Thousands of teachers gather across Ontario in second province-wide strike

Mar 5 2020, 11:52 am

Teachers all over Ontario protested on Thursday in the second province-wide strike to happen in less than a month.

Three of the four major teachers’ unions, Ontario English Catholic Teachers’ Association (OECTA), the Ontario Secondary School Teachers’ Federation (OSSTF) and the Association des enseignantes et des enseignants franco-ontariens (AEFO) announced a one-day province-wide walkout last week.

The president of OSSTF, Harvey Bischof, was actively engaged with the protests in North Bay, Bracebridge, and Orillia.

Thousands of teachers also gathered in Queen’s Park, demanding the Government of Ontario and Minister of Education Stephen Lecce properly address their main concerns at the bargaining table.

The main issues being, classroom size, expansion to online learning, funding cuts to special education, hiring teachers with seniority, and improved salary compensation.

The Toronto and York Region Labour Council posted a video on social media of a trustee for the Toronto Catholic District School Board, Norm Di Pasquale, chanting along with other protestors saying, “education, no cuts.”

Di Pasquale also tweeted on the Queen’s Park gathering saying, “Publicly funded education is worth fighting for.”

Adam Vaughan, an MP for the Spadina – Fort York area also showed his support in Queen’s Park, saying if teachers and students are fighting for quality education they, “have my support.”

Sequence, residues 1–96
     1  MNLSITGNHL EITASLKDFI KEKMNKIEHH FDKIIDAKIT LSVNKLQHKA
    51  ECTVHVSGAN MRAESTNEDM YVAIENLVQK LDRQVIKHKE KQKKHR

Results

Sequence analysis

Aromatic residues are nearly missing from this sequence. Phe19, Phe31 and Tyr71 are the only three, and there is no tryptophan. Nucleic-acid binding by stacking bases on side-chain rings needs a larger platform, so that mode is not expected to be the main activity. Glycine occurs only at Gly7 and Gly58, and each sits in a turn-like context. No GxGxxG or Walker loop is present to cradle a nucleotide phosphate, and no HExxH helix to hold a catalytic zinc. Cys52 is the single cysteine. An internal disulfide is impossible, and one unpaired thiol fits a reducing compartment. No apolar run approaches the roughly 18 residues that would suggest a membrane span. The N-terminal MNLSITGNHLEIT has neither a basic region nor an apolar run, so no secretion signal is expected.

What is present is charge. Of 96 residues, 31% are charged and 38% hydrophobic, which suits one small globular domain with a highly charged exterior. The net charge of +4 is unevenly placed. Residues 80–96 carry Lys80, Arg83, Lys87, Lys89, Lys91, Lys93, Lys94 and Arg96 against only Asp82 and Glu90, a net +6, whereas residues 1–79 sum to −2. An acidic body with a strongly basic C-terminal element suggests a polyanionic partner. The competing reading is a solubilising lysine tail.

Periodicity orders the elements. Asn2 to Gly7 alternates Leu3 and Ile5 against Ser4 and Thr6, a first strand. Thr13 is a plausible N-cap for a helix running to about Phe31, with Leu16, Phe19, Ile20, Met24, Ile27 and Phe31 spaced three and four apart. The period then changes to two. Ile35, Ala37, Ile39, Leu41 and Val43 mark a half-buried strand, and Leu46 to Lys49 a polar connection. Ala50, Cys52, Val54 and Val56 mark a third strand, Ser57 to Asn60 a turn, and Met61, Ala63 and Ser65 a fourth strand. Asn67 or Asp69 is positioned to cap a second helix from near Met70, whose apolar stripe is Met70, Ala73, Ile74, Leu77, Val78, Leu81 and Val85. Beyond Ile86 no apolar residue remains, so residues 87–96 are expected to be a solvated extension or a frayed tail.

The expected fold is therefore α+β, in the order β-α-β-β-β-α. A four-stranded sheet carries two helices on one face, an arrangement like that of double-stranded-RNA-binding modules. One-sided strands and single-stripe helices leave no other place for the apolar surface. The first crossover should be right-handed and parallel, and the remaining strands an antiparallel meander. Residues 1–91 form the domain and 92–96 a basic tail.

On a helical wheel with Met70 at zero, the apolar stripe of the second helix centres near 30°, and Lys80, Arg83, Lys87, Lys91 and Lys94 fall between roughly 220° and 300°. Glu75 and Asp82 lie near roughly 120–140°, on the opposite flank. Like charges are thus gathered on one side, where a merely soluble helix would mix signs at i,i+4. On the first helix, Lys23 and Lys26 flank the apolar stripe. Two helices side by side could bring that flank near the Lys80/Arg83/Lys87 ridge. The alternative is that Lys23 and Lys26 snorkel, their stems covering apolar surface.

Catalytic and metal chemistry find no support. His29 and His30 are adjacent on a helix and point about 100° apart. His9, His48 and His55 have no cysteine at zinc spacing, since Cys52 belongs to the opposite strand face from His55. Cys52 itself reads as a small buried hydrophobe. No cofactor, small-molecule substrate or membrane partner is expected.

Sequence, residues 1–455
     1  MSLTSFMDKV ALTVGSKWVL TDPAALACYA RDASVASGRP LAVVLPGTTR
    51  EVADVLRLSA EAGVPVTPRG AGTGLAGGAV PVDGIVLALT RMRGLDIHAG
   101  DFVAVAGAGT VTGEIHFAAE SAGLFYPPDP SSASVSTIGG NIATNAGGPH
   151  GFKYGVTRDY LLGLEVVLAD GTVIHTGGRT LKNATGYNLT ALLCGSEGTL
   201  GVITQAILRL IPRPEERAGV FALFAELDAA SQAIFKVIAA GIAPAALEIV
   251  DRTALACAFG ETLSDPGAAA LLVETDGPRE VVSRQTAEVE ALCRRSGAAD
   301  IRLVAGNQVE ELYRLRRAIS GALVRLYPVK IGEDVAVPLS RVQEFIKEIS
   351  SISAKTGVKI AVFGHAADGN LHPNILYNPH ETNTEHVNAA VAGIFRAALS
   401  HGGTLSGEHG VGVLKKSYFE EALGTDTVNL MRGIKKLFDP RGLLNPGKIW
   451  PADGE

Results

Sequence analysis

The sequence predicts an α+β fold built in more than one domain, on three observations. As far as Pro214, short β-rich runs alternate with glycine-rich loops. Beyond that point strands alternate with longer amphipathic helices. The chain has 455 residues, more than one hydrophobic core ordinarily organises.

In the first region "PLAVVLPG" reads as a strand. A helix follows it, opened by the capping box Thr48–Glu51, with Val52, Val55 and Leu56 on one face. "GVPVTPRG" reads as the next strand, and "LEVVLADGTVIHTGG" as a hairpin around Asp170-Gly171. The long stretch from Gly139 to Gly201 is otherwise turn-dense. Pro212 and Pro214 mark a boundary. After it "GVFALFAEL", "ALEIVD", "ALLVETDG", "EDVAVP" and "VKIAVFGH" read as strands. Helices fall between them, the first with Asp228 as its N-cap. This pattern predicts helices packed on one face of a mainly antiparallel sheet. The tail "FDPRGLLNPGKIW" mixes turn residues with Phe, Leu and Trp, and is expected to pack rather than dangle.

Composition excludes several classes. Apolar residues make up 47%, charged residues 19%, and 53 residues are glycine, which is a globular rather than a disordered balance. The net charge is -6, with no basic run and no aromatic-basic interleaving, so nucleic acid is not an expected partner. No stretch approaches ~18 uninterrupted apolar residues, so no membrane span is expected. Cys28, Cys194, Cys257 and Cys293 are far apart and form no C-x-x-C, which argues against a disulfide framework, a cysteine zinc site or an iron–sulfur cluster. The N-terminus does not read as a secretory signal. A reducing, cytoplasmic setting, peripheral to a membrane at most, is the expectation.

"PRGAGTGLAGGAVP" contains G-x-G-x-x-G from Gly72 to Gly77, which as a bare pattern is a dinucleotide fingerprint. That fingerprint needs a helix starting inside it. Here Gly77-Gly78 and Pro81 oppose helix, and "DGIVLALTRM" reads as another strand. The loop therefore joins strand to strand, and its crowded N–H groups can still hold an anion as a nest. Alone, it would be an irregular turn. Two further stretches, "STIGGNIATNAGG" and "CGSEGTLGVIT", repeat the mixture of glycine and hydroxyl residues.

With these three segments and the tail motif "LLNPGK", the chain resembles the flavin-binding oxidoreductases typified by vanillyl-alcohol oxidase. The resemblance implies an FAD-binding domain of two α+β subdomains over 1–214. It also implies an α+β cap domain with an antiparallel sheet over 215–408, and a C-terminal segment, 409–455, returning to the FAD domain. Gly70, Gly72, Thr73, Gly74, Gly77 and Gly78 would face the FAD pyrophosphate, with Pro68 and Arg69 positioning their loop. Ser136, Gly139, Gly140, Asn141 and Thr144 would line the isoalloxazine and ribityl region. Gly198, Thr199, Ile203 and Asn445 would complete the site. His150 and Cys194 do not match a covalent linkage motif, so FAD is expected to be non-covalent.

“The Ford Govt needs to go get back to the table and show the public a serious and funded commitment to public education,” the MP said in a post to social media. 

Lecce, meanwhile, is urging them to stop.

“I have offered all teachers’ union federations a fair and reasonable plan, which should pave the way to reaching a good deal that keeps students in class,” he said.

“The time for a deal is now, I urge the unions to stop this disruptive escalation and return to the table to get a deal that is fair for parents, students, and educators.”

The strike comes just two days after Lecce said the provincial government agreed to certain bargaining points that were important for teachers, like keeping classroom size low, continued investment in special education funding, and a 1% enhancement in compensation for teachers.

“The government has consistently made reasonable moves — effectively freezing class room sizes, a parental opt out for online learning, a commitment to full-day kindergarten, and one 100% investment in special education,” Lecce said.

For Sam Hammond, Elementary Teachers’ Federation of Ontario (ETFO) president — the one union not striking — Lecce’s “pronouncements to the media” were outside the collective bargaining process.

“ETFO does not bargain in the media and we have not seen details of the Minister’s proposals at the central bargaining table,” Hammond said in a statement. “We have learned from past experience that Minister Lecce’s public announcements do not necessarily translate into negotiating proposals at the table.”